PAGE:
African American Studies faculty reflect on department’s history
Although it was only recently granted departmental status, African American Studies at UH has a long and rich history contributing to campus and community culture.
The African American Studies program was the first of its kind for Texas public schools back when it was created in 1969. However, this historic step forward in education wasn’t made without a struggle.
In the latter half of the 1960s, when the Civil Rights Movement had significant traction countrywide, students decided it was time to advocate for the University’s adoption of a program that reflected the beauty and the struggles of the African American community.
“This particular program was born out of student protest,” said African American Studies program manager Kevin Thompson. “Students like attorney Gene Locke, Mr. Dwight Allen, who is now known as Mr. Omowale Luthuli-Allen, and the late Lynn Eusan–who the Lynn Eusan Park is named after–the first African American homecoming queen, were a part of a consortium of students who actually quote-unquote stormed, basically, the president’s office.”
The group presented to the then UH President Phillip G. Hoffman with 10 demands, one of them being to create the African American Studies program, Thompson said.
“It was this time of intellectual curiosity and tenacity, and student organizations across the country were petitioning and protesting because this discipline came out of the struggle to see oneself within academic settings,” Thompson said. “And then also was reflective of the times, you know, we just weren’t taking it anymore.”
Aside from spearheading the effort to create the program, these same students pushed for a better relationship between the University and the surrounding community.
Eusan, Locke, Luthuli-Allen and others did this by asking to raise the pay for campus employees such as cleaning staff and groundskeepers, many of whom were from the local community.
From what started off as only a few courses to a degree-granting department, the African American Studies department holds a great significance for many.
“It is very important that we have it because it’s a subject area of that, as we can see from the times in which we live, America is still dealing with a lot of its historical past, a lot of questions need to be addressed in a very forthright way,” said African American Studies interim director Linda Reed. “It’s significant that people look at African American Studies, specifically because we practice it in our daily lives, but we don’t realize how we are practicing the culture.”
Beyond the classroom, the department hosts an annual study abroad program for students to be educated on the life of the African locals as well as the Diaspora.
“The biggest thing was, I think, for us is watching our students blossoming into viable pillars within our community, becoming productive citizens who maintain an elevated sense of consciousness (and) who show that they are willing to work to make the community better,” Thompson said.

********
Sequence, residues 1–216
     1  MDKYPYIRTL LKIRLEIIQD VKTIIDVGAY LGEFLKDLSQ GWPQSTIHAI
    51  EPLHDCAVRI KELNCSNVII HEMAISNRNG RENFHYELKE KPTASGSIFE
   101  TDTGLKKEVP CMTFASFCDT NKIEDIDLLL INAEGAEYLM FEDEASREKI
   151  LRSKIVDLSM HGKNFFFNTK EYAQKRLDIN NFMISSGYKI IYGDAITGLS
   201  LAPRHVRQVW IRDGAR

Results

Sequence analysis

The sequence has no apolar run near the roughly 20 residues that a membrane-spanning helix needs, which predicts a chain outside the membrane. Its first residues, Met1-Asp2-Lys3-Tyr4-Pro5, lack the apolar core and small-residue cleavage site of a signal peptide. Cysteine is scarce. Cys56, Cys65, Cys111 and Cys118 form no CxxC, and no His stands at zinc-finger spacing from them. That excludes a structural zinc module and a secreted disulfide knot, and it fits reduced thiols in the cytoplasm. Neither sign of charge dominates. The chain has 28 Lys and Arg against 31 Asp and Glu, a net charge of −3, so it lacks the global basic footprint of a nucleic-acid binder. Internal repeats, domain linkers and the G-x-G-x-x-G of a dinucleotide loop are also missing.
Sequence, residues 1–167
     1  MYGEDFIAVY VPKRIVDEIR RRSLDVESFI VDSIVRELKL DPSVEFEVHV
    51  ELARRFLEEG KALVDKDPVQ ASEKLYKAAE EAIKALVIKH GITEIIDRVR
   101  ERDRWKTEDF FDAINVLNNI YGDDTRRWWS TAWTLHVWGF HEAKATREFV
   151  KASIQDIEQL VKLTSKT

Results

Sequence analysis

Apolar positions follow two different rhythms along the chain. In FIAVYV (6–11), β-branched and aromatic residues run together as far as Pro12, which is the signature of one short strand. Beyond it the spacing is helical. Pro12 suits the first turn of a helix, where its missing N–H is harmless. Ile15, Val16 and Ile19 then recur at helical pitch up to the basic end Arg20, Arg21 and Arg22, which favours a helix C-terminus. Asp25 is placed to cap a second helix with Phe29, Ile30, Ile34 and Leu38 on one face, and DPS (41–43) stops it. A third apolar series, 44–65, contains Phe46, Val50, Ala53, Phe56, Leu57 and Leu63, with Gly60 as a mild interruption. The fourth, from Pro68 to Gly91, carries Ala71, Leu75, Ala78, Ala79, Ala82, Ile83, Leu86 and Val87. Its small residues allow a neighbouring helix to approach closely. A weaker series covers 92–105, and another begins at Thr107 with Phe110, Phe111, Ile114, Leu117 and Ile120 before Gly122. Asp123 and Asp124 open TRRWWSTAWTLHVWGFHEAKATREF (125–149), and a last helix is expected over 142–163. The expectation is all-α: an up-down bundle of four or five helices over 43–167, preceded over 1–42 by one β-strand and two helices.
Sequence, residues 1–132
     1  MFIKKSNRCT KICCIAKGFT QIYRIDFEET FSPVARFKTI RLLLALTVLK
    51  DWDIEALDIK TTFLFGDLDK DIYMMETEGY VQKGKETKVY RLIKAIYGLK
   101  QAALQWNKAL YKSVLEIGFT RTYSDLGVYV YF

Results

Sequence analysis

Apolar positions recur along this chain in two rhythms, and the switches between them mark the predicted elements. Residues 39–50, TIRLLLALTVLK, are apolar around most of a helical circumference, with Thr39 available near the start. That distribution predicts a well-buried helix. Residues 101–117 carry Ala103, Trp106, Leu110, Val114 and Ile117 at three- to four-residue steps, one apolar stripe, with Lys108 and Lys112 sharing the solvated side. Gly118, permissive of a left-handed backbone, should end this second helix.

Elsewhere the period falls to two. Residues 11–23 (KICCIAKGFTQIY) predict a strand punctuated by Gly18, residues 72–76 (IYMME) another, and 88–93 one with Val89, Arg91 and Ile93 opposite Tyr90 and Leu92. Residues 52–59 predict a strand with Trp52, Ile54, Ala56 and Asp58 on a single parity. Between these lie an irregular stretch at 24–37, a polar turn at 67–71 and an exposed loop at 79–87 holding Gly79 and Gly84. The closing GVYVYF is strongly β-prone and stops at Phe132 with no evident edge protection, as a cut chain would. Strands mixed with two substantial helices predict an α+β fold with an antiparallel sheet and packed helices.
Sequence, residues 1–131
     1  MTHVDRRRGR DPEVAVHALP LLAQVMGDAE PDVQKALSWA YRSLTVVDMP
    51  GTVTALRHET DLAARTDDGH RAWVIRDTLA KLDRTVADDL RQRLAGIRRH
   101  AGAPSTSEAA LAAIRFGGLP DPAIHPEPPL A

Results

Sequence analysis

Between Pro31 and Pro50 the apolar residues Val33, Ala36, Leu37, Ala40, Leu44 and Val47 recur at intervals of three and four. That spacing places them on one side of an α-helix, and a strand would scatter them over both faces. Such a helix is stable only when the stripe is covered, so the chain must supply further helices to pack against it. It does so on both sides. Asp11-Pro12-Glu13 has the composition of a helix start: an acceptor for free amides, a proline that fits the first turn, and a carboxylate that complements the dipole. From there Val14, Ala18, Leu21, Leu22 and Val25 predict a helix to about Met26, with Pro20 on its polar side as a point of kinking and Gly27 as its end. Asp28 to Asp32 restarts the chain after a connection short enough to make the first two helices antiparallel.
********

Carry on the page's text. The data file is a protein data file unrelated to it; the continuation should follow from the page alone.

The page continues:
With student engagement being one of the department’s priorities, Thompson said fostering an environment where former and current students create bonds with the faculty and staff is what motivates him to come to work every day.
“I want every student to know that they have a home here at African American Studies whether they choose to major, or minor, or not,” Thompson said. “It’s just basically the spirit of what we embody. That’s the African spirit.”
Reed expressed the department’s importance in how it spurs conversations about current events, especially during times like the rise of the Black Lives Matter movement in 2020.
“I think it’s important to actually see that from the president’s office, that from the dean’s office, that from other units on the campus others are addressing the similar kinds of concerns that African American studies had talked about for a long period of time,” Reed said. “To see that embraced is very significant, and that others are not leaving it up to only African American Studies, and the department (to have these discussions).”
While some might question what the purpose of the department is in having these conversations, it has helped others realize it’s their responsibility to carry these into the communities outside of the University, Reed said.
“Everybody understands the significance of paying attention to that history and culture, but to the history and culture of all ethnicities of Americans,” Reed said. “Now it’s the responsibility of the people, faculty, staff and students to help others outside of the University of Houston, understand that significance.”